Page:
Sunday, October 24, 2010

Pat O'Day - KJR Seattle 1966

Pat O'Day is still such a popular figure up here in the Northwest that I was riding around listening to this in my truck one day and we were a half an hour into it before my passenger realized that it was from 1966. His voice may be a bit deeper now and a tad road worn but the enthusiasm that was so catching in the sixties is still present. This week's Cruisin' has some great music and more than a couple cool car commercials, so down-shift, roll the window down and turn it up.

LP liner notes by Jerry Hopkins - The CRUISIN' series goes to KJR, "serving the Pacific Northwest from Seattle," and Pat O'Day, the disc jockey filling the afternoon driving hours of 1966 with an always cheerful shout.

It would be a little more than a year before an underground FM radio sound would begin to provide counterpoint to AM's Top 40 formula. In 1966, pop radio was, in the most literal sense, programmed; the playlist was rigidly limited to hits past and present, and the rap was equally sparse. As a result, many radio jockeys seemed as interchangeable as the bass lines of the records they played. KJR was as Top 40 as they came in those days, but Pat O'Day kept his personality intact, lacing his record introductions and public service announcements with corny jokes and puns, cryptic references to specific Seattle neighborhoods (puzzling unless you were living there) and sendups of fellow KJR staffers.

O'Day was 31 and had ten years in radio when he first played the records in this collection. His father had had a daily religious program on a Tacoma station when Pat was growing up, and he says it never occurred to him to try any other medium. Pat served his apprenticeship in smaller Northwestern cities, starting in Oregon the year Elvis hit, 1956, moving to Seattle and KJR three years later. He's still there today, as station manager.

In 1966, the album market was still "middle-aged." Of the ten best-sellers of the year, only two were rock and roll. (Best of Herman's Hermits, Best of the Animals.) The other eight were Herb Alpert (who had five!), soundtracks (Sound of Music, Dr. Zhivago) and Bill Cosby, all of which had almost nothing to do with the top-selling singles charts, from which KJR and the rest of the Top 40 stations in America took their collective musical cue. Here the blend was a more variant one, as shown just by the acts that had their first big hits this year —the Mamas and Papas, the Mindbenders, the Association, the Monkees, Simon and Garfunkle, Percy Sledge, and Tommy James and the Shondells, to name a few. This was also the year that Frank Sinatra sang Strangers in the Night and the Lovin' Spoonful recorded both Daydream and Summer in the City, while the top of the charts position went to, among others, the Beatles (We Can Work it Out, Paperback Writer), the Beach Boys (Good Vibrations), the Supremes (You Can't Hurry Love, You Keep Me Hanging On), the Rolling Stones (Paint it Black) and — of course — the Troggs (Wild Thing),? and the Mysterians (96 Tears) and S/Sgt. Barry Sadler, the deep-throated patriot who for five long weeks slogged through The Ballad of the Green Berets.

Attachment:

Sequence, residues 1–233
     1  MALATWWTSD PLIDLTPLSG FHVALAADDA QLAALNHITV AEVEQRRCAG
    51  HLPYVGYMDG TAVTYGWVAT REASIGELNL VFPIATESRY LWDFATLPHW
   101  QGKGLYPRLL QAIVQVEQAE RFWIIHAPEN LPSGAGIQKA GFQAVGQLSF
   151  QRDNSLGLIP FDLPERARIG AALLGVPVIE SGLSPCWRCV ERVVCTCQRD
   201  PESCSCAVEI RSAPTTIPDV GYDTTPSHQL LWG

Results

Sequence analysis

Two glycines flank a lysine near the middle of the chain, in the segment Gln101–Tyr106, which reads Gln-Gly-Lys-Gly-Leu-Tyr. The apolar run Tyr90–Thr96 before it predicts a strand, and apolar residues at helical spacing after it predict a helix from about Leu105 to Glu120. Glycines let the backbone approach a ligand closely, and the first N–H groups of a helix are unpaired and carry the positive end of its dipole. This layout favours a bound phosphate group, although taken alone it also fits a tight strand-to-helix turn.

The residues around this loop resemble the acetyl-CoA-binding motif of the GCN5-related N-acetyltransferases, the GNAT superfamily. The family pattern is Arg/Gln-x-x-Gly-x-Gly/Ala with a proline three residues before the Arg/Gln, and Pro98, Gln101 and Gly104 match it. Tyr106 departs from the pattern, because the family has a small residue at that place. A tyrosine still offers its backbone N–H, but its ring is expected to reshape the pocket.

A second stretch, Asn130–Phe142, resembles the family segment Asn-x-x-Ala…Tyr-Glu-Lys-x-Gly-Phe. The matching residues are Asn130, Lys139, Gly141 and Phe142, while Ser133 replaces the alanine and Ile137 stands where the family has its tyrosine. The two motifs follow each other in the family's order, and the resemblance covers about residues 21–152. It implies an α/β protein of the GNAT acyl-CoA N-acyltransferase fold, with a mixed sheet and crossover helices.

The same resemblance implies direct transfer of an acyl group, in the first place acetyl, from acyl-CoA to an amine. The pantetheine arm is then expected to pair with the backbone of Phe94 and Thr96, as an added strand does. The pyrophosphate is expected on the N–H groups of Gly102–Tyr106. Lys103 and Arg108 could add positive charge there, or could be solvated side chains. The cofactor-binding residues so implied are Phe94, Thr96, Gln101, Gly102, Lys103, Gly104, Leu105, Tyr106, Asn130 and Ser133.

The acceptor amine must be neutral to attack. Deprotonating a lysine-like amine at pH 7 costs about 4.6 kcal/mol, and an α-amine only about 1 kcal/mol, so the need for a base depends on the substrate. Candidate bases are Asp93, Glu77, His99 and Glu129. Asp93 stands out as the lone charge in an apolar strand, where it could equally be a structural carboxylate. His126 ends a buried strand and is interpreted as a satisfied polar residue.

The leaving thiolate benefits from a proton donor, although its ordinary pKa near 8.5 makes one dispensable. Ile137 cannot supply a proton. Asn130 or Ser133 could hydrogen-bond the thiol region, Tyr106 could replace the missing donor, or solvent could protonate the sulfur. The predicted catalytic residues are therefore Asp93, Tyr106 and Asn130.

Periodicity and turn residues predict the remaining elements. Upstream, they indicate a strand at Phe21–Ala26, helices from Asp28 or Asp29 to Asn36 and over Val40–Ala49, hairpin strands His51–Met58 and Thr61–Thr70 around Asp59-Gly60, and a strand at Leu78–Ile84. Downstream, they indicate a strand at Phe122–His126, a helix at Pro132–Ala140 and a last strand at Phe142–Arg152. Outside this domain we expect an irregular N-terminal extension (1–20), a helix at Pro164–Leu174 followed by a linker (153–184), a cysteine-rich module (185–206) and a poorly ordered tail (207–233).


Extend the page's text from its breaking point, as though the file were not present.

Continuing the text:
No less imposing was the wide range of news stories in 1966 when first the Soviet and then the U.S. made unmanned landings on the moon, Medicare went into effect for the over 65s, Lenny Bruce died of an overdose of society, Massachusetts elected the nation's first black Senator, and brutal, random violence claimed grim headlines as eight nurses were slain in Chicago and a youthful sniper at the University of Texas picked off 44 persons, killing 14.

Many of the headlines topped lighter stories, as when the Capital of England became "Swinging London" and Batman captured the largest television audiences in America; when "The Story of 0" became a controversial best-seller and after school the streets were a sea of granny dresses and Byrd glasses, pea jackets and bellbottoms. In Hollywood, Elizabeth Taylor won her second Oscar (for "Who's Afraid of Virginia Woolf?") and Ronald Reagan gave up his role as host of "Death Valley Days" to run for governor. Don Adams of "Get Smart" put it nicely: "Sorry about that, Chief."